Visiting the Seychelles is without a doubt a once in a lifetime experience, with pristine beaches, secluded bays, white sand and crystal clear water. If I could describe paradise, then I would start painting an image of the Seychelles. As with any destination, there is a crucial time when planning takes place and Seychelles is no exception. Although I made all effort to ensure I am prepared for what the Seychelles has to offer, I inevitably discovered much more whilst on the islands. This includes local culture, shop and food availability, safety and security and of course methods of transportation. Having spent three weeks on Mahé, La Digue and Praslin, I would like to pass on my knowledge and hopefully better prepare you for your upcoming visit to the Seychelles. So what do you need to know prior to your arrival to the Seychelles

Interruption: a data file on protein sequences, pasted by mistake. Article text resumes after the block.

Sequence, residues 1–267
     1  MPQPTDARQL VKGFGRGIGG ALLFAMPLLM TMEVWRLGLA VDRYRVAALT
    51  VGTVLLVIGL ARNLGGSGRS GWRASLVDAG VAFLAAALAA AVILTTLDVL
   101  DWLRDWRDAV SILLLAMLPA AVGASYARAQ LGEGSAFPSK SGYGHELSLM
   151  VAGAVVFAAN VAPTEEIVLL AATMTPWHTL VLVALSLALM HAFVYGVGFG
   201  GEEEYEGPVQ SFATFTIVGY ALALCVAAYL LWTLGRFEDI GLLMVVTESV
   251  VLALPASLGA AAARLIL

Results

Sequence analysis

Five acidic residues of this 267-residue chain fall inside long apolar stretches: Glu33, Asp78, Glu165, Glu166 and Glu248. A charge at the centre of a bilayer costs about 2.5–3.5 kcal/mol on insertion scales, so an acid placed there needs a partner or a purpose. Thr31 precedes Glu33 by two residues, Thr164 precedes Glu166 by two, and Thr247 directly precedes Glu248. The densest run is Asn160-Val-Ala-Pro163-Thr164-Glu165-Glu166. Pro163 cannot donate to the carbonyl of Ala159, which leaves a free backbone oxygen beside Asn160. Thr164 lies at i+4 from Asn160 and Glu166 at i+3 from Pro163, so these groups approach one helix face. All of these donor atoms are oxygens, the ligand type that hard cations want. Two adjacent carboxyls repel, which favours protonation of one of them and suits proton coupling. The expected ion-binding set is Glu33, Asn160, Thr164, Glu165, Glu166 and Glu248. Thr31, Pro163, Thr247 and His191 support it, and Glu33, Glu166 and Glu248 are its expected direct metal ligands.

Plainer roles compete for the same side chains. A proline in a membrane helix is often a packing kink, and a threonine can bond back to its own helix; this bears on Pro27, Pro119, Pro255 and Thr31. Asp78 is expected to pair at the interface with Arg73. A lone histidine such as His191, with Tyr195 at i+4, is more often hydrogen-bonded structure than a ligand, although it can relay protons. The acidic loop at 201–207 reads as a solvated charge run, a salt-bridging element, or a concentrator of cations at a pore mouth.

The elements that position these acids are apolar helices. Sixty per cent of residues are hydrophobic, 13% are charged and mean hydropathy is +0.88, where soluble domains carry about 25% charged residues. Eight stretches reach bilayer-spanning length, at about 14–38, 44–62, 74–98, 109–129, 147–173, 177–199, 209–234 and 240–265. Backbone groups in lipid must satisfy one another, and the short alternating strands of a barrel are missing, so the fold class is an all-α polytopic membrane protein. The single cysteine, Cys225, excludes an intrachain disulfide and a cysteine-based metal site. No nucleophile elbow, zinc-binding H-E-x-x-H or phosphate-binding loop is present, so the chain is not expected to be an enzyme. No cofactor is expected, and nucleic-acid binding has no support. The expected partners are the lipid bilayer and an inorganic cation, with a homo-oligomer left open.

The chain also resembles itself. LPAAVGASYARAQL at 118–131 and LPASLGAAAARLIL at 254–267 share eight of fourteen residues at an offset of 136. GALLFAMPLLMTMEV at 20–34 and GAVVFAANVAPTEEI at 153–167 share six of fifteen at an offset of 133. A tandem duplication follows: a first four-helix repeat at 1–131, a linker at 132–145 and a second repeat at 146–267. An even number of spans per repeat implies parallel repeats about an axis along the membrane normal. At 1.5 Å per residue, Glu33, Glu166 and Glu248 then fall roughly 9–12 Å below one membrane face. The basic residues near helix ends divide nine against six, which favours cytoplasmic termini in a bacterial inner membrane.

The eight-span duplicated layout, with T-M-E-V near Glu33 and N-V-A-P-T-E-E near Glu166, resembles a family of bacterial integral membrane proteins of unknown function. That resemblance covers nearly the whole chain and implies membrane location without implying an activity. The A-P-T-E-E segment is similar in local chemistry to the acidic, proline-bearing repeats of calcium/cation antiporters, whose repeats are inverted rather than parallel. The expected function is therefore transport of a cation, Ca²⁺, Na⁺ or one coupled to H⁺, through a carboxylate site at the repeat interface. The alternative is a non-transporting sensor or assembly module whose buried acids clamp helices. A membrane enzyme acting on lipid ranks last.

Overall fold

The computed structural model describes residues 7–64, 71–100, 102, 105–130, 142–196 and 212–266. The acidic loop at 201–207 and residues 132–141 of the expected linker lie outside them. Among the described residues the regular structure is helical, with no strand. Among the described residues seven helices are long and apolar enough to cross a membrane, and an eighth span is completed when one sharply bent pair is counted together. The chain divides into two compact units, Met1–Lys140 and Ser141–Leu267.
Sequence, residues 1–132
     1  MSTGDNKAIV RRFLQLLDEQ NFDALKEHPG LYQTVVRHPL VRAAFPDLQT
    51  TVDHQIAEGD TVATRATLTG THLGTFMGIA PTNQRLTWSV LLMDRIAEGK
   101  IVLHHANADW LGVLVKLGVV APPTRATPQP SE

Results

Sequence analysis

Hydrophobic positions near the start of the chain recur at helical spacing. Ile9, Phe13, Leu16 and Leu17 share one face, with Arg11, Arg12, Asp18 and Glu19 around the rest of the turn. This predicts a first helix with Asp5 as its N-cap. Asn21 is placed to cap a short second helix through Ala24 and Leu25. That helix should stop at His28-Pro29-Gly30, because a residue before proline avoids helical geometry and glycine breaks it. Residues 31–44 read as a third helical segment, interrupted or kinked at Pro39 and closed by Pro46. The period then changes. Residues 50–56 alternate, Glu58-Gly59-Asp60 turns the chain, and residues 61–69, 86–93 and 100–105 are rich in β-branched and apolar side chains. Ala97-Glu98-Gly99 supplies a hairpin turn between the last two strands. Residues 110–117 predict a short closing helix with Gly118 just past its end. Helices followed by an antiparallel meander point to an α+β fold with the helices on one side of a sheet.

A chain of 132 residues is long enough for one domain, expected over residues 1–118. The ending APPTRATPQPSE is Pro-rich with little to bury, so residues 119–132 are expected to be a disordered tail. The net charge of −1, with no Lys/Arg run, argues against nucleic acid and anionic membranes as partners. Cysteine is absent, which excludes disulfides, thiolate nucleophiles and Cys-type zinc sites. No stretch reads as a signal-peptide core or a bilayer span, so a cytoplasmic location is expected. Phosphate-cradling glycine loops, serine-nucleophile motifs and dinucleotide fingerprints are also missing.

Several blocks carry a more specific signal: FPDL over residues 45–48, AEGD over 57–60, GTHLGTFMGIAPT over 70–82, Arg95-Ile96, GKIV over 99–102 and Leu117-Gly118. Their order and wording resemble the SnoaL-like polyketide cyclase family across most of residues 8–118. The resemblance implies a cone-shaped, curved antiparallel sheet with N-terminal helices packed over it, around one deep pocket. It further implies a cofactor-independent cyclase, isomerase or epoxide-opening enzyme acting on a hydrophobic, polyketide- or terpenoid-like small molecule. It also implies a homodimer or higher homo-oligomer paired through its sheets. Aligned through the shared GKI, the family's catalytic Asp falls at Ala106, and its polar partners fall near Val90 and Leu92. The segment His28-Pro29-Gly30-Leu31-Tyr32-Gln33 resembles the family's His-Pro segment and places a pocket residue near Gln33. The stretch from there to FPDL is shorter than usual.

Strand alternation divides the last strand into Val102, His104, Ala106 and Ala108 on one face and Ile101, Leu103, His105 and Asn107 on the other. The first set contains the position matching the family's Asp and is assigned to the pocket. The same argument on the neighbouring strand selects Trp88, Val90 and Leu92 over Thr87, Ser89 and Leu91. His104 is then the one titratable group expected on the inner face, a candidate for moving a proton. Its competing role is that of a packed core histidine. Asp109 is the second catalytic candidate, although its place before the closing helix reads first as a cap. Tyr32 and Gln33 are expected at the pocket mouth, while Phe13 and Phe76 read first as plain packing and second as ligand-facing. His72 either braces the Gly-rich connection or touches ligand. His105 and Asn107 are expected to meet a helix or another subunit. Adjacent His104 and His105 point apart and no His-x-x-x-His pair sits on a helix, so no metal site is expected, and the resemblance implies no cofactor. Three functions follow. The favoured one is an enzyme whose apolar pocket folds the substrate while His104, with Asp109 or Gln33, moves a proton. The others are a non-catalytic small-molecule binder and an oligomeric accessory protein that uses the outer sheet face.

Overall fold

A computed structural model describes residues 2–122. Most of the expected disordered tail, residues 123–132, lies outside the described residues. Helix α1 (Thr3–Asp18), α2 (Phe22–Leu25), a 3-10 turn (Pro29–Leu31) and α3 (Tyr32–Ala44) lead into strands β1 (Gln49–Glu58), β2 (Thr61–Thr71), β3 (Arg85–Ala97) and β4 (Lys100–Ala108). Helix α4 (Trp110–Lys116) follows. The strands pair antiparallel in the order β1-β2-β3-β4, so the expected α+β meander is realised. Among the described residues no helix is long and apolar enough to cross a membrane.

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The currency in Seychelles is called Seychelles rupees. The bad news is that you can't acquire this type of currency before you arrive in Seychelles. The good news is that you can pay in Euro, USD and GBP. Most shops will give you a good exchange rate, although you will find the odd ones with a more arbitrary rate. Another thing to be aware is that most shops will accept your foreign money but give you change in Seychelles rupees. This is the best way to acquire local currency which you can use during your stay in Seychelles. It is illegal to take Seychelles rupees out of Seychelles, although it would be pretty pointless to do so as nobody would accept them anywhere else apart from...you guessed it, in Seychelles. If you find yourself short in rupees, you can pay part in local currency and part with foreign money. Always double check the calculations as I found that some locals tried to make me pay more or gave me the wrong change. I'm not sure if it came down to bad math or malice on their part, but I was always on top of my finances to avoid any issues. I recommend you do the same.